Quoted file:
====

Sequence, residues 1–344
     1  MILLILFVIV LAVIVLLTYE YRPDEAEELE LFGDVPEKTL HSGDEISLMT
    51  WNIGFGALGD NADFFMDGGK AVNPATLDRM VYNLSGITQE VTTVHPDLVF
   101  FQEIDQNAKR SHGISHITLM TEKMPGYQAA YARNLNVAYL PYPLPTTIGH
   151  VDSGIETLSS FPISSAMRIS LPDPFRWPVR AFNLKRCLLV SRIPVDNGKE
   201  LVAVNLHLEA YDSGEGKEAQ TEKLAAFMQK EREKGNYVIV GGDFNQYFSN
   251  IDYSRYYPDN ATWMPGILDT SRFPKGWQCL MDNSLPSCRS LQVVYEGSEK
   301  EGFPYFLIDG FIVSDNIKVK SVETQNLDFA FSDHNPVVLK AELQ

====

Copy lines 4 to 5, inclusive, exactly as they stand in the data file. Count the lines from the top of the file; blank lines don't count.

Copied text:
   101  FQEIDQNAKR SHGISHITLM TEKMPGYQAA YARNLNVAYL PYPLPTTIGH
   151  VDSGIETLSS FPISSAMRIS LPDPFRWPVR AFNLKRCLLV SRIPVDNGKE